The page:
NEW ORLEANS, Monday – If you want full honesty on up in here, I was looking for Coop’s Place when I came to Gallier’s, and even after walking in I wasn’t set on staying. But I did, and when the grilled oyster appetizer arrived I regretted I wasn’t with at least one other human to share the heaping platter of tawny-crispy succulents with me.
Isadora, my sweet Serbian server, said sometimes when it gets past the peak dinner hour the cooks just load up the plate. Too bad for me.
The gumbo hadn’t even come to the table at that point. When it did I was sure I’d need a take-home container, but I was well on toward eating every last oyster by then, as if it had ever been a question, and I never stopped with the gumbo until I’d spoon-scraped the sides and bottom of the bowl and conceded that even where I come from licking it clean isn’t cool.
I’m finding Coop’s, like tomorrow, but I’m definitely finding time to find Gallier’s again. Isadora said I should come at happy hour. Whatever she says.
Tuesday – I did find Coop’s Place, but not before a late-afternoon stop at Gallier’s and a Sazerac and a cup of red beans and rice that was quite a little bit better than okay and some oysters on the half laid on me just because. Isadora wasn’t there but Perry and Rashad were, and lagniappe was, and it’s a real thing.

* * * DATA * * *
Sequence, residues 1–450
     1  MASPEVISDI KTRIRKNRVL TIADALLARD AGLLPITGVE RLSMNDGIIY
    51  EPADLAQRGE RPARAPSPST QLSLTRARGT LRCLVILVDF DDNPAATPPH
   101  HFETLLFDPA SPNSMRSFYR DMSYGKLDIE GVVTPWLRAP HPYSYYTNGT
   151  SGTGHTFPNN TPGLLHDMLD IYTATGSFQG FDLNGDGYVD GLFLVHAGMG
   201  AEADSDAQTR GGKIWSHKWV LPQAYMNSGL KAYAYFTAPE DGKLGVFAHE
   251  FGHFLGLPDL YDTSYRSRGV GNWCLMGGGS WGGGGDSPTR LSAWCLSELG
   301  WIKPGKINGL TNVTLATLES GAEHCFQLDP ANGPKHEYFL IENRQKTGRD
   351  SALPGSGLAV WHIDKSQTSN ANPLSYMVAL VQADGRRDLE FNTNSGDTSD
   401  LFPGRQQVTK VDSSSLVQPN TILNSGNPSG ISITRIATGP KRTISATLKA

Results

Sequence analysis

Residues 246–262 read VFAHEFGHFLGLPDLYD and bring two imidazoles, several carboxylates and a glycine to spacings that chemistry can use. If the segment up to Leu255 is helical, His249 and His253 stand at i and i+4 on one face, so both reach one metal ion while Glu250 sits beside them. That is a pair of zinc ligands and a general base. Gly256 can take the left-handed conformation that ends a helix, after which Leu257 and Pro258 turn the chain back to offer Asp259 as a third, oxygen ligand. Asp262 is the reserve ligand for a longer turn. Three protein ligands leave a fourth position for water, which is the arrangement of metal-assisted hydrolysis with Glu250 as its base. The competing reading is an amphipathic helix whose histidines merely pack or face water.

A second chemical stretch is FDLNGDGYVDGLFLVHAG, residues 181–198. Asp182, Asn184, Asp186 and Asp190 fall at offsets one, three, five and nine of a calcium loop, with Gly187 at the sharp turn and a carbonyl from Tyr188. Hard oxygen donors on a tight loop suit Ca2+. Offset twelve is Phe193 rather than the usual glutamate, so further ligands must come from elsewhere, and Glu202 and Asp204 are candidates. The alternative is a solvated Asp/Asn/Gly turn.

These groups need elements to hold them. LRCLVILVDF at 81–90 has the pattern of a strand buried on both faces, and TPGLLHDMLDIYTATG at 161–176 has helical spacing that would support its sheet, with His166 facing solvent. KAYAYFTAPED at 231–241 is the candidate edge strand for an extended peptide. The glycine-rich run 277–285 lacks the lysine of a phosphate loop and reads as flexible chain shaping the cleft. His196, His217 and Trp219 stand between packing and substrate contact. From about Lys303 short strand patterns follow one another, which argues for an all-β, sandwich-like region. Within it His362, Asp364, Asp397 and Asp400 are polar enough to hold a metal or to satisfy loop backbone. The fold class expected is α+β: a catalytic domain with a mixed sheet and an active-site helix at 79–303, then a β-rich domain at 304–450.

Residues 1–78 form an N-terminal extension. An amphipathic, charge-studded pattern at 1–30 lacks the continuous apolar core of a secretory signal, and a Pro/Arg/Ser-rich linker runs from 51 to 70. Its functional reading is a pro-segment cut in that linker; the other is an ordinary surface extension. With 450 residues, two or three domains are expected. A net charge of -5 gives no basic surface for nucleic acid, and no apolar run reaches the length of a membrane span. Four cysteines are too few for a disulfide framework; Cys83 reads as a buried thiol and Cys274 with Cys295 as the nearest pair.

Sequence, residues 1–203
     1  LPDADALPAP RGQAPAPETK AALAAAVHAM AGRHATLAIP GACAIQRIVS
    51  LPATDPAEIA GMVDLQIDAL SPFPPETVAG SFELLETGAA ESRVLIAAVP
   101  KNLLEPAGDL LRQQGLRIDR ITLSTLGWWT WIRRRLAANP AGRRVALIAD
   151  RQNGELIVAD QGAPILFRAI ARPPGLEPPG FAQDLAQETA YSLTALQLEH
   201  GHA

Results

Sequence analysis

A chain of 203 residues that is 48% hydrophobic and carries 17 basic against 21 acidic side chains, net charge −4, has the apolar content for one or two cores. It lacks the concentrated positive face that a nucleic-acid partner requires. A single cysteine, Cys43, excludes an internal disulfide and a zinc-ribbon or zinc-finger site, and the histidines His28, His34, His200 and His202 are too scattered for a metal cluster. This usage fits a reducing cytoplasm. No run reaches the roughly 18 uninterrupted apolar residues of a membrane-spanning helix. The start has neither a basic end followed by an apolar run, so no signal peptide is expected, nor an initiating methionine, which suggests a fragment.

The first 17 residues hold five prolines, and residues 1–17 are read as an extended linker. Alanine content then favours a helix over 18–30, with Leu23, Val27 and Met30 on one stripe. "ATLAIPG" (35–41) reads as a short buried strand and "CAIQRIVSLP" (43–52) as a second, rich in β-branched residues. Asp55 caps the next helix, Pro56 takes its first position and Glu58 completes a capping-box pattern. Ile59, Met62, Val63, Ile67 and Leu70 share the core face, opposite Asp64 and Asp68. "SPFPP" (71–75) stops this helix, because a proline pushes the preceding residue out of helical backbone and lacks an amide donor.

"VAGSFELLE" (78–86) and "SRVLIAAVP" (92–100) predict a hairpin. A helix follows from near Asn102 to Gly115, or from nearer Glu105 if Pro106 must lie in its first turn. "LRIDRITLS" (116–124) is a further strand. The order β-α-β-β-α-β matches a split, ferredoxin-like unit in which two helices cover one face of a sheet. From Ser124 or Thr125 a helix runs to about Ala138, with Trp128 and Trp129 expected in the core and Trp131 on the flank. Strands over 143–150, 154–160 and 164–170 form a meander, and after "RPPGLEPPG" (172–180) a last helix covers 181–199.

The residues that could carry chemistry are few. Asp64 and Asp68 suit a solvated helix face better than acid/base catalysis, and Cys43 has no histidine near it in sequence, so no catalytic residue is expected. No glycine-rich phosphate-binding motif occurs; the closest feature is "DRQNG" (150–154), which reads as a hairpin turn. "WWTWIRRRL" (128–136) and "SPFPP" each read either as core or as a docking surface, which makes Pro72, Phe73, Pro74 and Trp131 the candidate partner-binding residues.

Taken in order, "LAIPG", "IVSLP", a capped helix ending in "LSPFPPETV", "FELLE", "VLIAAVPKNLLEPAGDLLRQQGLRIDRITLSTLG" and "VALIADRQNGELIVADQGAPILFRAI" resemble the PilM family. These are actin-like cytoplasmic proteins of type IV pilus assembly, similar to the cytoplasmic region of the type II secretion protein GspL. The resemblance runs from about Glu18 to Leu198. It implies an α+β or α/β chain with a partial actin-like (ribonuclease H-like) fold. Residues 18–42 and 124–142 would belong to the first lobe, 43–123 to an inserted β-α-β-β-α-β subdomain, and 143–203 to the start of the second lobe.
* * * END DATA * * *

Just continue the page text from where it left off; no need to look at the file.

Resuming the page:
Coop’s is a small cramped dark place with old bricks on the floors and walls so I think the building is much older than the establishment, which the sign says opened in 1983. I knew going in I would order the Taste Plate – shrimp Creole, Cajun fried chicken (their signature), red beans and rice and rabbit-and-sausage jambalaya – all kicked off with a cup of gumbo that was different than Gallier’s – better? Not a night for judgments.
It was harder than it should have been to find Coop’s because it’s pretty much a straight shot, but the Quarter streets are confusing, like it is with a spouse on the last vacation before you call the lawyers, where being lost you find some places and find out some things you never knew you ever would and while you still might call the lawyers, you won’t forget the walk, and when the food’s this good you’ll find some little give in your heart even if it never makes it into the legal papers because it’s hard to hate a person when you finally find it and it’s this good and you went there together.
I’m not calling a lawyer anytime soon, not on purpose, and I’m not over with this city. I hear there are other places to eat.